Meanwhile, in Atlanta, the baseball season nearly began for the first time in a decade without Chief Noc-A-Homa in his teepee behind the leftfield fence. The chief, whose real name is Levi Walker, had quit the Braves when they refused to raise his pay from $50 to $100 per game. However, he agreed to stay on after the Braves made him cozier than ever. They got him a carpet cleaning and a color TV for his teepee, two new costumes, a personal booking agent and an Indian princess, Pok-A-Homa—to keep him company.
A simple handshake left an unsuspecting wrestler and his team wincing in pain recently. It happened at the Presidents' Athletic Conference tournament in Bethany, W. Va. when Bob Daschbach of Washington & Jefferson shook the hand of Allegheny College's Dennis McGraw before their 118-pound final. Daschbach yanked McGraw's arm so hard that he stretched a nerve in McGraw's neck. The meet doctor advised McGraw not to compete, and a 15-minute consultation between coaches and officials ensued. Finally, the referee, who felt he could not disqualify Daschbach because the incident did not occur during the match, raised his hand in victory.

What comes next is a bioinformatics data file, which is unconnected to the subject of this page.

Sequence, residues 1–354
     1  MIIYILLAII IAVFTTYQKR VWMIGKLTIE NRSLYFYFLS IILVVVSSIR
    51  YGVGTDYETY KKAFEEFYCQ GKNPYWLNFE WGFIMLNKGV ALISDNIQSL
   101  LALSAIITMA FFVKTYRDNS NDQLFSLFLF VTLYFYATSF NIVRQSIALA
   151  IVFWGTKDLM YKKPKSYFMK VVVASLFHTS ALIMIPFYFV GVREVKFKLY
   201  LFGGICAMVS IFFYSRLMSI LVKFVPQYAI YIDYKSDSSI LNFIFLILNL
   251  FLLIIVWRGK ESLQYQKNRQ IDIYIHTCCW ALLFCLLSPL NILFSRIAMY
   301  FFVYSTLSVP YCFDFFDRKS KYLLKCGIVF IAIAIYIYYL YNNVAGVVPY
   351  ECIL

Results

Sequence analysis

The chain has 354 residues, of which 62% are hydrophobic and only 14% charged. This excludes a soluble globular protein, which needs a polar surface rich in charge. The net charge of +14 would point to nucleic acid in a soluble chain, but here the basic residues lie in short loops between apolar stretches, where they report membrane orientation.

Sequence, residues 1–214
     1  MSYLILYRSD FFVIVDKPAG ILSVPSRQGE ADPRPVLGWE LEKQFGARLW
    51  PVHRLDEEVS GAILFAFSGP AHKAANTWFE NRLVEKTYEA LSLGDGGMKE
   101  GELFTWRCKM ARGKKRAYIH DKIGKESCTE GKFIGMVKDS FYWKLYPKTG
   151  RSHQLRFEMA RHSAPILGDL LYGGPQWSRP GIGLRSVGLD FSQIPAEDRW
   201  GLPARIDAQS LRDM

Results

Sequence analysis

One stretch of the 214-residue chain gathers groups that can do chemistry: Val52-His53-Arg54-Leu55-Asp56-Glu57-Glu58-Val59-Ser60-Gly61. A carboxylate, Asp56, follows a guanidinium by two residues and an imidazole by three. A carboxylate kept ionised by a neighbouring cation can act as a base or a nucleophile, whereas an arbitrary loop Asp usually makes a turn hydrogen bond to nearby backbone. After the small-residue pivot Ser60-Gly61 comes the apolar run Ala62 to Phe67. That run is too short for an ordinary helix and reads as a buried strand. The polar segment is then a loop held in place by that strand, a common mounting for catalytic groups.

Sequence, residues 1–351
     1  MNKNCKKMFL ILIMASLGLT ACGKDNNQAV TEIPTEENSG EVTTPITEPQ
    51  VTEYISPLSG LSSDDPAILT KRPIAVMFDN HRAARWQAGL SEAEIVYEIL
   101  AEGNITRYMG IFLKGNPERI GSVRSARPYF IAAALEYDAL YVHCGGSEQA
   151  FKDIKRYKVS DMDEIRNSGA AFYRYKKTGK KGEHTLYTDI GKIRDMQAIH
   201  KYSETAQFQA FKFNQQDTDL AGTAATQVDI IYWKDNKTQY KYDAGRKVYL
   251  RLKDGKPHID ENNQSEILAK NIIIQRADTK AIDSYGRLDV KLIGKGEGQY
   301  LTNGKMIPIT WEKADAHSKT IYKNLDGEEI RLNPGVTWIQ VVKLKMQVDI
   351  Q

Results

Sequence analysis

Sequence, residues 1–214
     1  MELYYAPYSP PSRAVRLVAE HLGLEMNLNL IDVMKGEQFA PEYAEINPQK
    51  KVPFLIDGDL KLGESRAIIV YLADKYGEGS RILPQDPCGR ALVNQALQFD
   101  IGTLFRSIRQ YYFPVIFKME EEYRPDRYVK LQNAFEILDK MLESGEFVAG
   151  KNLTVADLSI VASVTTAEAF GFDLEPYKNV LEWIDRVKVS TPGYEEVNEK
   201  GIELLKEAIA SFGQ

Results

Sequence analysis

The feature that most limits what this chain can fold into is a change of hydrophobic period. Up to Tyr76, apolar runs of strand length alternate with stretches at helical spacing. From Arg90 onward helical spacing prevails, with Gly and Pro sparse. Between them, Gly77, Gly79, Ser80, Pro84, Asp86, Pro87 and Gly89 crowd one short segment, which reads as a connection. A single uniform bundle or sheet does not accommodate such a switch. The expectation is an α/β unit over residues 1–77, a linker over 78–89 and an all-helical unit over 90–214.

The crowd booed and Allegheny Coach Ken Levels argued that the rules against "flagrant misconduct" covered the situation. The tournament committee decided to appeal to the NCAA. The next day a call was placed to Wilfred Chassey, chairman of the Division III wrestling committee. Saying he'd never encountered anything like this before, Chassey threw the decision back to the PAC, claiming that if he made a ruling, "the NCAA would be setting a precedent." The PAC athletic directors then huddled and determined that Daschbach would be 118-pound champion after all.
The ruling cost Allegheny a third-place finish and gave it to Washington & Jefferson.
THEY SAID IT
•Lon Simmons, San Francisco Giants announcer, on receiving critical letters: "I don't mind hate mail, but when a letter comes to the station addressed 'Jerk, KSFO, San Francisco,' and I get it, then I start to worry."
•Oriole Jim Palmer, asked when his sore shoulder would be well enough for him to pitch: "I don't know. You never know with these psychosomatic injuries. You have to take your time with them."
•Ted Turner, Atlanta Braves owner, on his team's prospects: "We're on our way to the World Series, really we are. Well, maybe not this year, but soon. Nobody ever heard of other great teams before they became great."